The significance of family is the core of this week’s episode. Abe now knows his name of origin and has begun to look for lost relatives. He hunts down distant cousins in Scotland and finds connections going back hundred of years. He even manages to find a common ancestor with Henry, allowing for a beautiful moment between father and son when they realize that they do in fact share (at least a drop or two of) blood.

Still, Abe reminds Henry that he doesn’t need any family trees to know who his father is. Henry worries that Abe suffered by not having a large family, but Abe assures him he was perfectly happy with their family of three. Interestingly, Abe also chose not to have children of his own. He doesn’t have to worry about his legacy, though, since he knows Henry will live on forever.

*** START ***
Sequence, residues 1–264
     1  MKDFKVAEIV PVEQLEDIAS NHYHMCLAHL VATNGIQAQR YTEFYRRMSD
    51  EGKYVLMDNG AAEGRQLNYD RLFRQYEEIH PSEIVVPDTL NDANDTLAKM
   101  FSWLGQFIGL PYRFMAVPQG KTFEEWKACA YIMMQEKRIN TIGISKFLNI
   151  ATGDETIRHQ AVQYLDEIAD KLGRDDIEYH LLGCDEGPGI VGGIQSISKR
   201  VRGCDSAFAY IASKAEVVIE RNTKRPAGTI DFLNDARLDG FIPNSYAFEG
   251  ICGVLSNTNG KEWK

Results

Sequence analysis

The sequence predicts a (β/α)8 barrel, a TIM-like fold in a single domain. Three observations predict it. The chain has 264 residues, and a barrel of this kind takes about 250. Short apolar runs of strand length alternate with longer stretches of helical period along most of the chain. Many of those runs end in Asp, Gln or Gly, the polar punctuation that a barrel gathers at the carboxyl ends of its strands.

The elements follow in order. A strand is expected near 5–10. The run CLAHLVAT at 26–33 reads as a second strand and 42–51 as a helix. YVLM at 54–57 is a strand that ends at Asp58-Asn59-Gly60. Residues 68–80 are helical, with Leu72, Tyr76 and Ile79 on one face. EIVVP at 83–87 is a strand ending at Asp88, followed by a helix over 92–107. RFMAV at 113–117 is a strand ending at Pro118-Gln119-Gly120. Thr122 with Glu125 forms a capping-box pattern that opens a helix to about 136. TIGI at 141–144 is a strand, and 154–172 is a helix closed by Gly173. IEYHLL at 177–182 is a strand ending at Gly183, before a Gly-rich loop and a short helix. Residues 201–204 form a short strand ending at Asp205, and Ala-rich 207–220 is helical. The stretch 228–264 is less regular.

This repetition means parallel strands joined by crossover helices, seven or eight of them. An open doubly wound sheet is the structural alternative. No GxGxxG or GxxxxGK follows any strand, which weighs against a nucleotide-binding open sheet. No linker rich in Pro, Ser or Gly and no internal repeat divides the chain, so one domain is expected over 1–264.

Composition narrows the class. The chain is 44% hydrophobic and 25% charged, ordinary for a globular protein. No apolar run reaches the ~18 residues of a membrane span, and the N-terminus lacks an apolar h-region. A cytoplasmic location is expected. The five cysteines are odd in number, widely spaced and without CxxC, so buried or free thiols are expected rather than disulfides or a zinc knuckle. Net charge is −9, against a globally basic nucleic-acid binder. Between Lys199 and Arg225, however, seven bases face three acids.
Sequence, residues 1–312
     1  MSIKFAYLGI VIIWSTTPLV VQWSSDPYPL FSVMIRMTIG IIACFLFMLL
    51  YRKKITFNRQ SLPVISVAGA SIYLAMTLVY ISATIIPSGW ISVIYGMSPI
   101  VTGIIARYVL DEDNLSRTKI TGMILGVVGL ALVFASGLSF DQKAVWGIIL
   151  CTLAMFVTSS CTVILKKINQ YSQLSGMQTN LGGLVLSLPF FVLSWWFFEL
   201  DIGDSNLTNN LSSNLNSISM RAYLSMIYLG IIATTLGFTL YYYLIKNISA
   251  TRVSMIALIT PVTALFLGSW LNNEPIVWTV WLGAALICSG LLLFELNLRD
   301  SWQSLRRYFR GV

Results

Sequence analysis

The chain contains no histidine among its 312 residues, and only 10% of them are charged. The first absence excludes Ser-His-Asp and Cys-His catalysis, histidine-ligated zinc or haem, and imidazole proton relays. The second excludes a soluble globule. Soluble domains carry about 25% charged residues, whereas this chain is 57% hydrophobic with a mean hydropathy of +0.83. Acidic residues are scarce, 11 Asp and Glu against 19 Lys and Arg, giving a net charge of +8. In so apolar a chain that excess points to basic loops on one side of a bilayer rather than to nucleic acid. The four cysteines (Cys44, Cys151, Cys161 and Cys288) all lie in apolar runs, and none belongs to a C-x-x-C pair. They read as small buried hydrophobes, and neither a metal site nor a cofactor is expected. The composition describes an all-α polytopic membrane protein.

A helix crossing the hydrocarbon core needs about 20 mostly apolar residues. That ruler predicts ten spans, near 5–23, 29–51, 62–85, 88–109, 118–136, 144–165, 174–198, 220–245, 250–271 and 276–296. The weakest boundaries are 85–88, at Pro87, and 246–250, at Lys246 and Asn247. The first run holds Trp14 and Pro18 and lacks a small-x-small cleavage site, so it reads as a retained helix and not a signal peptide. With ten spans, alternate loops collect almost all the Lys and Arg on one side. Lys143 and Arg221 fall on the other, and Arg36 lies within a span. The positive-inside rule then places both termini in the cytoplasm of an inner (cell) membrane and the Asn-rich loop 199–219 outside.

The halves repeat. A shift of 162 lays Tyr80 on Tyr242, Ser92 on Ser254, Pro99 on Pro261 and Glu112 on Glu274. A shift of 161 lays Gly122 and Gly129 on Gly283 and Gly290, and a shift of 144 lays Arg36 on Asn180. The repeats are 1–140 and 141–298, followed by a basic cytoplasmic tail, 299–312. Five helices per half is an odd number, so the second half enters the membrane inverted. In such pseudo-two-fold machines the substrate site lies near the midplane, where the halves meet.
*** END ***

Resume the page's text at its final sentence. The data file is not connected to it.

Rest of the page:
The royal Mr. Aronov, however, was concerned with his bloodline. He and his wife had been unable to have children, but he did have a daughter, Lydia (Elizabeth Alderfer), years ago with a mistress. As he made him plans to return to Urkesh, he dreamed of taking his daughter with him.

Henry and Jo track her down. Lydia is a cocktail waitress who tells them that she only recently met Aronov when he started coming into the club, ordering a soda, and leaving her a huge tip. One day he revealed he was her father and that he had never wanted to give her up. It was, she said, what every foster child dreams of hearing. But when he told her he was an exiled king and wanted to take her to their home country and give her diamonds, she thought he was insane. Jo and Henry have to explain that he was telling the truth—and so Lydia is, once again, an orphan.